Saturday, March 29, 2014

Unnecessary Dominance

If she hadn't done what she did, I wouldn't have seen what I saw.

We were meeting a friend for lunch and had arrived early. As the restaurant was in the mall, we stopped to shop along the way. Getting to the cash was accessible but we decided that Joe would line up and pay for it as that would give me time to push myself through the long hallway. I arrived, well ahead of Joe and turned and sat, at an angle, waiting for one or the other to arrive.

It's a busy mall, filled with shoppers, many of whom are in groups, family groups, groups of teens, groups of moms with toddlers in strollers. So I wasn't really noticing anything more than the flow of people.

Then, a group came by, and they were almost by me, when a young woman reached over and straightened the collar of a woman who was nearly twice her age. It was then that I noticed that it was a group of people with intellectual disabilities accompanied by two support workers. I also noticed the woman who had been touched turn, at the touch, with a look of annoyance on her face, towards the staff. Telegraphing, through facial reaction, her displeasure with the interaction. The staff didn't notice, she was busy talking with the other staff.

That one little touch.

That one little unnecessary touch.

Centred out the woman, centred out the group, made it very clear who they were, made it very clear who's role was what, made it very clear that power rested the one with the power to touch unnecessarily.

The collar may have been slightly kinked, I don't know, I didn't see anything wrong with it. What ever it was that called the staff's attention wasn't calling mine, or anyone else's.

That one little touch.

That one little unnecessary touch.

Made it clear, who was who and what was what. And maybe that was the point of it.

I don't know.

But what I do know is that there are many ways to call someone down, some ways use words, some use action, and some use a collar and an unnecessary touch.


Anonymous said...

Dave, thank you for writing this today. The philosophy we try to instill in our staff is that they never-ever touch someone without permission. It is great to hear someone confirm that even if it seems like a natural and caring gesture, it is power taking and not acceptable.

Liz said...

Thank you. I know I do some 'mum fussing' I will remember to stop because you are right, the touch draws more attention than the perceived problem. I had never seen it like this before.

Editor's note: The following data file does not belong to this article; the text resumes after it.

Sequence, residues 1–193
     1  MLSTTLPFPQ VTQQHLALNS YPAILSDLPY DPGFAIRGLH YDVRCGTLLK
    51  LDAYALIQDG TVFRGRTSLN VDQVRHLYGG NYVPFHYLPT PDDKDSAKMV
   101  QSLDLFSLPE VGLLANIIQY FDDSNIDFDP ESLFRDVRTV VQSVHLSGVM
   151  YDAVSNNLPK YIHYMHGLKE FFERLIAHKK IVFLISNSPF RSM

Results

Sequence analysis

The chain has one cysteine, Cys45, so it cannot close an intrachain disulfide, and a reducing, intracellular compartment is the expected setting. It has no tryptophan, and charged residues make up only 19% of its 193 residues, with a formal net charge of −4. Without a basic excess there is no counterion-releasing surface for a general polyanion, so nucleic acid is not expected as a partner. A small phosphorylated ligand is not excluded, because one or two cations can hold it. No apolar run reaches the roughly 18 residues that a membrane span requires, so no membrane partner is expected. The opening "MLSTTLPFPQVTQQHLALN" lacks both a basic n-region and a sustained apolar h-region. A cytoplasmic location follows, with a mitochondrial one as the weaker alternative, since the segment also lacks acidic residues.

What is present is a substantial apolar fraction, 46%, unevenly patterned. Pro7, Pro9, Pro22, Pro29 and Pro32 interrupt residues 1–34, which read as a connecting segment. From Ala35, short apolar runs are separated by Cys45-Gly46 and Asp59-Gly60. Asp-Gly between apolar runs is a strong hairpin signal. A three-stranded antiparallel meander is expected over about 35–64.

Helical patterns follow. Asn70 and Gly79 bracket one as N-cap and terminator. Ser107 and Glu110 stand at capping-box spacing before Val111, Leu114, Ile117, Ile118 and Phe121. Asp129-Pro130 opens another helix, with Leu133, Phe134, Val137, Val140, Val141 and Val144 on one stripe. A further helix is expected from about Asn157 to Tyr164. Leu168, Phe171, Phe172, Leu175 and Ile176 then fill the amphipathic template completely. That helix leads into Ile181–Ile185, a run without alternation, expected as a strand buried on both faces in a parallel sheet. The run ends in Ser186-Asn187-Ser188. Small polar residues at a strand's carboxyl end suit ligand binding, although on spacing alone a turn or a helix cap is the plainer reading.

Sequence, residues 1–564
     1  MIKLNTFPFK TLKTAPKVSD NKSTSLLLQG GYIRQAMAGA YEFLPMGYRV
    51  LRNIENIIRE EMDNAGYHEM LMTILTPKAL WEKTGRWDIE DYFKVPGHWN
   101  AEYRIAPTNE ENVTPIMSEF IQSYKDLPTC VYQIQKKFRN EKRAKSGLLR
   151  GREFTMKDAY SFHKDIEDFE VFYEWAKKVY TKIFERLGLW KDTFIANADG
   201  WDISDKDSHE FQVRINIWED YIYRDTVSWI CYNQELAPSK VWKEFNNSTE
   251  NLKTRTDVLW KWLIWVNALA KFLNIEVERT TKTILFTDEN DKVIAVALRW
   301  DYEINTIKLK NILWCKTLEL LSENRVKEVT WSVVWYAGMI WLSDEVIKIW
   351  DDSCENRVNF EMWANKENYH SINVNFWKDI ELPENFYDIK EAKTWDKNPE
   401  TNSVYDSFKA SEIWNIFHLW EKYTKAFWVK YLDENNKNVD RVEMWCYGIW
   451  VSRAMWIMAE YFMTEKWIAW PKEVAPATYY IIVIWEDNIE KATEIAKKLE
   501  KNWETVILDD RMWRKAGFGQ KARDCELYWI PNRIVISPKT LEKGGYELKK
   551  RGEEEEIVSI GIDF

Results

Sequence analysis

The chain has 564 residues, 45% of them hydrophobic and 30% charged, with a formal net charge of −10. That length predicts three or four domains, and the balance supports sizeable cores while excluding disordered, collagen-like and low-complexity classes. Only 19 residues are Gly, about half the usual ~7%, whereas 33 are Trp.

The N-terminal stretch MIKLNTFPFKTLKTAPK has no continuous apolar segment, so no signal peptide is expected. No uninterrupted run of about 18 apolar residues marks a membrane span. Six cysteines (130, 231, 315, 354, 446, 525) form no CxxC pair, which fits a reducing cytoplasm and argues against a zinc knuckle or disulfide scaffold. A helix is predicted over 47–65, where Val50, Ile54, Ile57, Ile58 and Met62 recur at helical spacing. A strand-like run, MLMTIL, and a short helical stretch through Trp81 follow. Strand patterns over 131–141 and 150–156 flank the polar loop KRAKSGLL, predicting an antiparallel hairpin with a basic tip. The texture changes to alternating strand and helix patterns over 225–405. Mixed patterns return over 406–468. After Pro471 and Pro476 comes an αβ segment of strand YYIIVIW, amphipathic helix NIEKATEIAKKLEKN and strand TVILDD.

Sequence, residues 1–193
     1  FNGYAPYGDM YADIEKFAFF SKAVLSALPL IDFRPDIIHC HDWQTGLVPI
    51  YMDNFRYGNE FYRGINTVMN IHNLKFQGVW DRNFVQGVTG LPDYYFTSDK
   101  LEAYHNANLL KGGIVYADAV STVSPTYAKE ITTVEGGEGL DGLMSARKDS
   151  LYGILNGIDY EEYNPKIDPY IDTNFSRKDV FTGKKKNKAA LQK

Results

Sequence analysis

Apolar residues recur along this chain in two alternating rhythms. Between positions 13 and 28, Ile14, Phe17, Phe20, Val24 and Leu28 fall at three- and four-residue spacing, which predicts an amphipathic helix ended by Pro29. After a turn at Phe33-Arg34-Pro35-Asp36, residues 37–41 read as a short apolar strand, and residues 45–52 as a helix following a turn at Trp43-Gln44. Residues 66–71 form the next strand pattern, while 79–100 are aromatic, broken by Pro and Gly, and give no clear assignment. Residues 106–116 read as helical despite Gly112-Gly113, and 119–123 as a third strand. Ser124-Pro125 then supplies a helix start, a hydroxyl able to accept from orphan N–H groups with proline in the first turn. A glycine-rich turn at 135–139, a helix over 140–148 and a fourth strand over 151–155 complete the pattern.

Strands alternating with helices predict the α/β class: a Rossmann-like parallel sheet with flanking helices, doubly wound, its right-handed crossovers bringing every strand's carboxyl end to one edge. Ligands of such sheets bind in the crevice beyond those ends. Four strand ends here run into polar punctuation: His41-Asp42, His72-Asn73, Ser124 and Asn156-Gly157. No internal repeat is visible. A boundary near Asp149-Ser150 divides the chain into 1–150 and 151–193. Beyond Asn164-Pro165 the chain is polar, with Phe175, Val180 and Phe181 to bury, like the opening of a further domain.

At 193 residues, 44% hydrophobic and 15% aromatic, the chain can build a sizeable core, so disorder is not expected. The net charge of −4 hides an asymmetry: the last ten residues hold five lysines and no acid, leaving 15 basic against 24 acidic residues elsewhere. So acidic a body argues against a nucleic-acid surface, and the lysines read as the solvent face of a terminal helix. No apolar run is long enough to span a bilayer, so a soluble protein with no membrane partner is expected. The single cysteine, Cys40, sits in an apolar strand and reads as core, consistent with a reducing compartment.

Anonymous said...

It wasn't JUST the touch - though that was bad enough. It was that the person doing the touching wasn't even paying attention because he/she was talking to the other support person.

Talk about 'intent to dehumanize.' To ignore. To patronize. Like picking a piece of lint off the carpet while chatting with your friend.

You called it.


Anonymous said...

This is why I don't like being touched when I'm in the wheelchair. It's not (just) that I mind being touched. What I mind is the way people casually show dominance. (And it seems to happen every single time I go out in public). They way they put me in a category with children and pets.

If you don't know ME, why do you think you can touch me?

FunMumX3 said...

But but but... OK Dave, I understand that your personal experiences are your experiences and I wouldn't question them. But this is an observation about other people only and who really knows the backstory? I'm in my late 40s and my experience growing up was recognizing those with intellectual disabilities by their utilitarian clothing (why do they need to be dressed up?) their greasy hair (institutions can only arrange showers every few days), thick glasses (why pay for the new technology that allows for thin lenses and stylish frames? huh!) with crusty mouths and mismatched buttons. I'm quite serious.. we had an "inclusion" program at high school but kids seemed to disappear very quickly. It felt then, and it sure feels now, like it was an experiment to see if these kids could be included and it was doomed to failure by low expectations.

My point is, the smoothing of a collar, the wiping of a face, the brushing of hair out of eyes, the re-buttoning, the general care and attention to appearances... don't dismiss it. I'm with Liz that I do some 'mum fussing' but now that my daughter is 18 I do set out to do it respectfully. I point out to her that she has a crusty mouth, or make sure I brush the dandruff off her shoulders before she leaves the house (and show her how to do it when she is by herself). Because you know what? People do get judged on appearance. It's our human nature to do so, as appearance gives us cues as to who that person is.

If the touch of the staff was aggressive or confrontational, sure, I get it. But without knowing the people involved I'm not sure we should be so quick to make assumptions. Do you?

Anonymous said...

I have a pet peeve it is the tag sticking out of the back of someones collar. I have fixed peoples tags as I tell them "I am fixing your tag". I do this with everyone. I have never thought of it as assuming dominance over someone before. Thanks for someting to think about.